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Clinicopathological Features of Cardiac Glycolipid Storage Disease in an Adult Pug

Tran, J.N.S.N., Ash, K.J., Seshan, S.V., Kelly, K.M.
Journal of comparative pathology 2017 v.156 no.2-3 pp. 235-239
adults, alpha-galactosidase, anesthesia, brain, cardiac arrest, death, endothelium, exercise, fibrosis, glycosphingolipids, histopathology, image analysis, keratinosomes, kidneys, liver, males, myofibrils, smooth muscle, transmission electron microscopy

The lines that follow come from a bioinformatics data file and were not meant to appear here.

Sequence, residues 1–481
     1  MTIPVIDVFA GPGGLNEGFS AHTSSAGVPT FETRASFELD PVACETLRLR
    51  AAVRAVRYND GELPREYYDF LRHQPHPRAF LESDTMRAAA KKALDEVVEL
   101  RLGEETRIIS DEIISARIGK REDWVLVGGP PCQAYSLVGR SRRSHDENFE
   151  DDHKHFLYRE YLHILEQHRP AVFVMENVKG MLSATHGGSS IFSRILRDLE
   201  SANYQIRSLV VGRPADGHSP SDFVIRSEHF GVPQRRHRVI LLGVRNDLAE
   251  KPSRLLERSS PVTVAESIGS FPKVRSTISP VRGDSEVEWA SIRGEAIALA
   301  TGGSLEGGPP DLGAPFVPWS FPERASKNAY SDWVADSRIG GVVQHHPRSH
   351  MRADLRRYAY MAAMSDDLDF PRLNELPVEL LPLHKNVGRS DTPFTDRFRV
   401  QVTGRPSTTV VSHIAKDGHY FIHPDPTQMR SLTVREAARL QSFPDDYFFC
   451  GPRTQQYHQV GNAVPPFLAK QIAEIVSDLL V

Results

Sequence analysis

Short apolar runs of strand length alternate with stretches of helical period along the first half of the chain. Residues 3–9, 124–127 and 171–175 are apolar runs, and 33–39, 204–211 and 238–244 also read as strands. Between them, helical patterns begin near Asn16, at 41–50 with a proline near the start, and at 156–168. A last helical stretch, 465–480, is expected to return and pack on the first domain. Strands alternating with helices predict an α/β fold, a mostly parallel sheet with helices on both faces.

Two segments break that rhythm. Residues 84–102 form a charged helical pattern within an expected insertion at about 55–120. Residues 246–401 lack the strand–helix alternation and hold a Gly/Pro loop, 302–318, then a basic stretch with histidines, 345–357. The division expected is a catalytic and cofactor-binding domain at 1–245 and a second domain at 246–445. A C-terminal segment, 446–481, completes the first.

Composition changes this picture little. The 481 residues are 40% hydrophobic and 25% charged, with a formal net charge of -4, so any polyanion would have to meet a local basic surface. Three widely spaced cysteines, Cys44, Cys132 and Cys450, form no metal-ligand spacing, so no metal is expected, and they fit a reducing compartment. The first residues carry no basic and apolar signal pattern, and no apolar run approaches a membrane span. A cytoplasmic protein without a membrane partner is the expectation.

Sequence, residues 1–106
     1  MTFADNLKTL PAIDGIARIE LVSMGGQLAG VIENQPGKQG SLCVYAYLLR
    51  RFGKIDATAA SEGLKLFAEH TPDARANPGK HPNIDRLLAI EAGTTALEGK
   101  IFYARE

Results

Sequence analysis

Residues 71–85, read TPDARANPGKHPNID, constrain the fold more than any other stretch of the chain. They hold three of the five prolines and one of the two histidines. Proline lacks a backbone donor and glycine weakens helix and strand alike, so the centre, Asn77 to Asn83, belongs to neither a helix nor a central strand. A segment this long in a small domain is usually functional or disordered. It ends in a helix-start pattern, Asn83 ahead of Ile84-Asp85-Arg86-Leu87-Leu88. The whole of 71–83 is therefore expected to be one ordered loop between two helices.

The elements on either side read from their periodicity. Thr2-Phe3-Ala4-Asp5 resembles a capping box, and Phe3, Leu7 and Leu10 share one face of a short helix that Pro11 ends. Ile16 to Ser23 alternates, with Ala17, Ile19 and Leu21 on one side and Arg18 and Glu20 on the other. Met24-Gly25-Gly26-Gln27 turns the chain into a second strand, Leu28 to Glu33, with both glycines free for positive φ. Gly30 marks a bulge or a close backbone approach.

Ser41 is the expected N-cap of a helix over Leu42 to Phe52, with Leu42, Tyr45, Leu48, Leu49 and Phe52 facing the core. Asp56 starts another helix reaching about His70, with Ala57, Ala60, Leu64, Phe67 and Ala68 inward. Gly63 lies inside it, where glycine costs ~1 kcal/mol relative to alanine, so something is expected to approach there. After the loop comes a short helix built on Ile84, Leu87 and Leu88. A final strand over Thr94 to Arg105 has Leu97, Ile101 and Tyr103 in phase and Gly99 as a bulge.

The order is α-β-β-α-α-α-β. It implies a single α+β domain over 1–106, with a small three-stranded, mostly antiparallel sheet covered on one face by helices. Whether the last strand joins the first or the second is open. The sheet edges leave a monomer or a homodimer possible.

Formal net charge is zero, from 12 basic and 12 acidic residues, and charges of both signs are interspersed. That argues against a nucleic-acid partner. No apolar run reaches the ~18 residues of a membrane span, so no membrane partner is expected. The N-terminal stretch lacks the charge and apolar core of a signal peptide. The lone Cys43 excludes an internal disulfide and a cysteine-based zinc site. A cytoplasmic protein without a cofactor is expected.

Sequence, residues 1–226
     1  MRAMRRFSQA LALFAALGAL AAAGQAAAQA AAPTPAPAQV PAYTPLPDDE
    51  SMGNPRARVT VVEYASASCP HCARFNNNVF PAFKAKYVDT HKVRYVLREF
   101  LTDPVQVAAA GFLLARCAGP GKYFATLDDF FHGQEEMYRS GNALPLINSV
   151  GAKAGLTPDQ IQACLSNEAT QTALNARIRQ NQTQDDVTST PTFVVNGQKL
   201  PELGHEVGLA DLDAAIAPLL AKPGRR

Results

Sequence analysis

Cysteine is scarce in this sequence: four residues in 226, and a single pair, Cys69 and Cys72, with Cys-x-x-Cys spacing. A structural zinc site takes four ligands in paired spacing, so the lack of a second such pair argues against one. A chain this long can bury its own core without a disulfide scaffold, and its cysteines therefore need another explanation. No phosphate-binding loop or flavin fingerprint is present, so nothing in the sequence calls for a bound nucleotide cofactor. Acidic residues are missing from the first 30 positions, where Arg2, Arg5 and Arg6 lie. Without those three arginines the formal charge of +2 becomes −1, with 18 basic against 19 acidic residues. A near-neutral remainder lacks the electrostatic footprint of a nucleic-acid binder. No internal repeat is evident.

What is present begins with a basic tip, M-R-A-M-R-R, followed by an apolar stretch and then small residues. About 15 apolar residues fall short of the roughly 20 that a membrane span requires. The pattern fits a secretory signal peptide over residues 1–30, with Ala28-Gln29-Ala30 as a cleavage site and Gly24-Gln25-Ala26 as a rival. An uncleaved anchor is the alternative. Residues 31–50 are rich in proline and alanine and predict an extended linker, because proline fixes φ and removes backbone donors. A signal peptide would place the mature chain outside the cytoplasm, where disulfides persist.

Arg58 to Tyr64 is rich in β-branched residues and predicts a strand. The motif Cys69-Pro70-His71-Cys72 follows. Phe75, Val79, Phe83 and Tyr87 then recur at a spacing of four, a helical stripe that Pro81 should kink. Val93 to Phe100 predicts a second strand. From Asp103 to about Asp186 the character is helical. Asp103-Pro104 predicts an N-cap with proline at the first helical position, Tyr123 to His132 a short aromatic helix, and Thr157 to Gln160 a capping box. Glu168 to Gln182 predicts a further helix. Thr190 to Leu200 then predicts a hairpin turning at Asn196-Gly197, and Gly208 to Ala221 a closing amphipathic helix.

A 12-year-old neutered male pug suffered cardiac arrest and died under general anaesthesia during diagnostic imaging for evaluation of exercise intolerance and respiratory crisis. Histopathological evaluation revealed two types of storage material, glycolipid and lipopigment, having differential distributions in multiple organs. The heart was most strikingly affected and other less affected tissues included the liver, brain, kidneys and skin. Cardiomyocytes were swollen with extensive sarcoplasmic vacuolation together with coalescing areas of myocardial fibrosis. Transmission electron microscopy revealed irregular myelin-like structures and complex concentric lamellar bodies dominating the sarcoplasm and displacing myofibrils. These findings were consistent with a lysosomal storage disease (LSD) as the cause of cardiac disease and death. The unique clinical presentation, histomorphology and ultrastructural features of the material suggested a glycolipid storage disease most closely resembling Anderson–Fabry (Fabry) disease in man. Fabry disease is a LSD that can present in later life and is characterized by loss of α-galactosidase A function and, often, accumulation of glycosphingolipids in tissues including the heart, kidneys, vascular endothelium and smooth muscle.